Words are incredibly powerful and US Representative John Lewis knew that at a very young age. In 1963 when he was only twenty-three years old, Lewis, along with the Big Six leaders of the March on Washington for Jobs and Freedom (Martin Luther King, Jr., A. Philip Randolph, Whitney M. Young Jr., James Farmer, and Roy Wilkins), led more than 250,000 to Washington, D.C. to deliver a clear message: civil rights are everyone’s rights and the wait for these rights is over. Lewis made an impassioned speech on the steps of the Lincoln Memorial and said in front of the largest crowd to ever march on Washington, “To those who have said, ‘Be patient and wait,’ we have long said that we cannot be patient. We do not want our freedom gradually, but we want to be free now!”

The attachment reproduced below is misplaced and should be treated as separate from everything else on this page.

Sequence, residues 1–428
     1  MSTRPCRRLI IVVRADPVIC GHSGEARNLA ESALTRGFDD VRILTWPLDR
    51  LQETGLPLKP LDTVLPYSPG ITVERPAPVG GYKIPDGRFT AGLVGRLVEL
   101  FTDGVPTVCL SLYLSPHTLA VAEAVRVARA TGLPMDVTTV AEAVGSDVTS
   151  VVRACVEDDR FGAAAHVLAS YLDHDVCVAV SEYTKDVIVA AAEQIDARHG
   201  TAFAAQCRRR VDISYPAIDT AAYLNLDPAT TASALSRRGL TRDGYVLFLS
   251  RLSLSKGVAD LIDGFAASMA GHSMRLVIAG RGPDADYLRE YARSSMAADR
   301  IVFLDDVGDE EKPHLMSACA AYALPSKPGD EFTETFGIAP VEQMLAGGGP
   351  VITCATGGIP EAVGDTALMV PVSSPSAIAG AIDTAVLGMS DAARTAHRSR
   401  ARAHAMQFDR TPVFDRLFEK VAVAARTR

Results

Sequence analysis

Lewis was getting into “good trouble, necessary trouble”—words that he lived by, and he encouraged others to do the same. In other words, fight for what’s right, work to change what’s wrong, and use the power of words and votes to make change happen. Representative Lewis carried this belief throughout his life, leading civil rights movements and getting into plenty of “good trouble” in the US Congress where he served as a US Representative for Georgia’s 5th congressional district since winning the seat in 1986. To his congressional colleagues, he was often thought of as “the conscience of the U.S. Congress,” someone who chose morals and human decency over politics. He, after all, was fighting for and protecting human and civil rights to build what he said is “The Beloved Community” of America.
Lewis passed away on July 17th, 2020, but his legacy of getting into “good trouble” continues with the restoration of the Voting Rights Act, which was recently renamed the “John Lewis Voting Rights Advancement Act” and passed onto the Senate for a vote. Rest in peace, Representative Lewis. Thank you for getting into “good trouble” and fighting for all of us.